October 4, 2013 Updated: November 20, 2013 at 3:38 pm
Calling his attitude "chilling" and his alleged crimes "brazen," an El Paso County judge on Thursday ruled that a teenager will be tried as an adult in the slayings of a Fort Carson soldier and his pregnant wife - meaning he will face a life sentence if convicted.
After a three-day hearing in 4th Judicial District Court, Judge Deborah Grohs rejected a request by attorneys for Macyo January to have his case sent back to Juvenile Court, where prosecutors feared he would face far lighter penalties.
In handing down her ruling, Grohs said January, who was 17 at the time of the Jan. 14 shootings of Fort Carson Sgt. David Dunlap and wife Whitney Butler, had repeatedly spurned opportunities for reform after a series of run-ins with the law beginning at age 14, making it unlikely he would be receptive to similar programs offered in juvenile institutions.
"He has failed at them. He considered them a joke. They did not faze him," Grohs said in detailing January's history of defiance, which includes a September 2012 escape from a group home, and the "cold, calculated" nature of his alleged crimes.
As part of a questionnaire January filled out while in custody with the Department of Youth Corrections, January once wrote that he would commit murder if "I could get away with it" - in what Grohs described as a "chilling" claim.
The judge added that had January been just four months older at the time of the offense, he would have been a candidate for the death penalty, a point made by lead prosecutor Jeff Lindsey in arguing against the transfer to Juvenile Court.
The ruling came after attorneys dueled in court over whether January would be amenable to treatment for his diagnosis of anti-social personality disorder, which is characterized by opportunism, criminal thinking and remorselessness.
Public defenders Noreen Simpson and Marcus Henson emphasized January's turbulent childhood, which included allegations of neglect and abuse by his birth mother, and argued that his underlying trauma hadn't been treated effectively.
Prosecutors Lindsey and Reggie Short said the defense failed to establish a link between trauma and January's alleged crimes, which include a series of break-ins in which a 71-year-old woman was beaten and robbed inside her home twice in four months and another in which a 15-year-old girl home sick from school was assaulted by a burglar.
The attorneys also clashed on details of Colorado's changing penal codes for juveniles. Prosecutors elicited testimony that, had the case been transferred to Juvenile Court, January would be eligible for a sentence no greater than seven years and would have to be released from custody at age 21.
Simpson countered that under changes in the law that took effect in June, a juvenile judge would have the discretion to impose "indefinite consecutive sentences" for a murder conviction.
At any point during his incarceration in a juvenile facility, January could be transferred to an adult prison to serve out a sentence up to life behind bars, Simpson said. Lindsey questioned her interpretation after the hearing, saying he believed the new laws wouldn't apply because they became law in Colorado after the crimes for which January was charged.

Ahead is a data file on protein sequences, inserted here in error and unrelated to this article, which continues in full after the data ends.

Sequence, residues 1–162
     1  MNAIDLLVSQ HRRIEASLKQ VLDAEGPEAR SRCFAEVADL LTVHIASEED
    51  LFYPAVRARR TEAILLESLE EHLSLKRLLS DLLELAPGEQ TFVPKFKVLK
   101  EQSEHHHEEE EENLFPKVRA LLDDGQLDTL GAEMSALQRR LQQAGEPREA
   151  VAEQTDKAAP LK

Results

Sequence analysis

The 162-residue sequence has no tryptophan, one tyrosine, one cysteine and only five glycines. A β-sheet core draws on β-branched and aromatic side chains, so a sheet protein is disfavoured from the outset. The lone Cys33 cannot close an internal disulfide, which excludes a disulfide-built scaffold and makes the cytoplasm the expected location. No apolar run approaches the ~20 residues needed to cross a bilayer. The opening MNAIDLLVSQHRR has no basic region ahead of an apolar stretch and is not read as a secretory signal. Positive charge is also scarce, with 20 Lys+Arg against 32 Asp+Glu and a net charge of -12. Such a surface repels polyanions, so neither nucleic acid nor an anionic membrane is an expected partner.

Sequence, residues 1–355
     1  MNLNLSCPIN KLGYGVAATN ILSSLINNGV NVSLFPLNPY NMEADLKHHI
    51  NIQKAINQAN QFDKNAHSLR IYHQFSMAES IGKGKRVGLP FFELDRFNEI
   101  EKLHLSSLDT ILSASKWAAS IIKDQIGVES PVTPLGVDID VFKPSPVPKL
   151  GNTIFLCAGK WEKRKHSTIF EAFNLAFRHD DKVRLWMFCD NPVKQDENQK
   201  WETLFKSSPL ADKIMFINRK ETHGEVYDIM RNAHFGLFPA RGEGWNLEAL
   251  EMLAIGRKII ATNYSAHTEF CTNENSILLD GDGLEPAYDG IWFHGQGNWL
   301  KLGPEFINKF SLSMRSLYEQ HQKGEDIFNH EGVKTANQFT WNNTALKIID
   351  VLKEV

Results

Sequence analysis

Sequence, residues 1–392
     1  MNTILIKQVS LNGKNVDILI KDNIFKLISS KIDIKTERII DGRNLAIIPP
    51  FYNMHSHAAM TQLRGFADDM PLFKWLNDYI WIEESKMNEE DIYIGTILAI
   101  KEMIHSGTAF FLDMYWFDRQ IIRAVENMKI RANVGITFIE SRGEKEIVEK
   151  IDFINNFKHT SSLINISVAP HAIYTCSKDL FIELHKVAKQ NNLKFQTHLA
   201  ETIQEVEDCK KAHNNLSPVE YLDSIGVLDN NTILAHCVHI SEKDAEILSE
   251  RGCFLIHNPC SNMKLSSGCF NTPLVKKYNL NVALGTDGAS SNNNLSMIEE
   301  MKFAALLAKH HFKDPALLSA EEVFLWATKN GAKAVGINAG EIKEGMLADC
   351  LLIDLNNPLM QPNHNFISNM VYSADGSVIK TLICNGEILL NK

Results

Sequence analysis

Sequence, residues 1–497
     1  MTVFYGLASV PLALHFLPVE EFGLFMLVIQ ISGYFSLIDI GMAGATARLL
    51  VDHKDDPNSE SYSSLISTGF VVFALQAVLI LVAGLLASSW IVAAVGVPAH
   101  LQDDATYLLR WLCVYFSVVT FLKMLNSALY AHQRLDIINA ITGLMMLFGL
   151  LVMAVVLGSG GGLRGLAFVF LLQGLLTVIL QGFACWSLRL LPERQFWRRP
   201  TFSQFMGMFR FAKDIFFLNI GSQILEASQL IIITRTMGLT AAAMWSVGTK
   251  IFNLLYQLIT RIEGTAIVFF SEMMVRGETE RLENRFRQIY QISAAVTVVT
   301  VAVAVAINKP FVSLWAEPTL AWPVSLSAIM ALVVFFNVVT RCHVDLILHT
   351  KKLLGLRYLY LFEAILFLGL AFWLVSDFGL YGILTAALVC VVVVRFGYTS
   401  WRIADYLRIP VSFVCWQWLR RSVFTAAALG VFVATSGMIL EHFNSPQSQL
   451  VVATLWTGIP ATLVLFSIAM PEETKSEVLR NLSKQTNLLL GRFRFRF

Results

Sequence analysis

The so-called "reverse-transfer hearing" was part of a multiday hearing that also included Groh's finding that prosecutors had established probable cause to hold January for trial in the crimes. She ordered that he remain held without bond at the El Paso County jail.
If convicted as an adult, January faces life in prison with the chance at parole after 40 years.
Parents of the newlyweds welcomed the judge's rulings, saying after the hearing Thursday that January didn't deserve another break.
Missing eligibility for the death penalty by four months was the only "leniency" January deserved, Butler's father, Kevin, told reporters.
In searing comments to the court, the grieving father pointed out that in burgling the couple's home, January would have seen the nursery prepared in expectation of their first child, a girl they intended to name Riley Marie.
"He had to know there was a child in the picture, yet he showed no remorse," he said.
Kevin and his wife, Marie, arrived in Colorado Springs on Sunday, on what would have been their daughter's first anniversary.
"I don't know if I'll ever be able to wrap my hands around it," Marie Butler said, calling the deaths a "parent's worst nightmare."
In addressing the court, Dunlap's mother, Marilyn, struggled to maintain composure, sobbing as she said her son and daughter-in-law were murdered in cold blood "over things that don't count, things that can be replaced."
Calling January "evil," she cut short her address and stormed from the courtroom, leaving in her wake an eerie silence and a gallery filled with tearful spectators.
In her absence, January, who sat impassive through much of the testimony, leaned onto the defense table and began to weep, gripping a tissue in handcuffed hands.
Police say Dunlap and Butler were fatally shot upon surprising a burglar in their home. According to police testimony, the newlyweds arrived separately to investigate a burglar alarm reported by their home security company at 11:10 a.m. and were killed one at a time after walking through the front door, each shot from behind. Lindsey said the evidence suggested Butler was shot in the head as she kneeled over her husband's body.
January is scheduled to be arraigned Nov. 21, at which time a trial will be scheduled.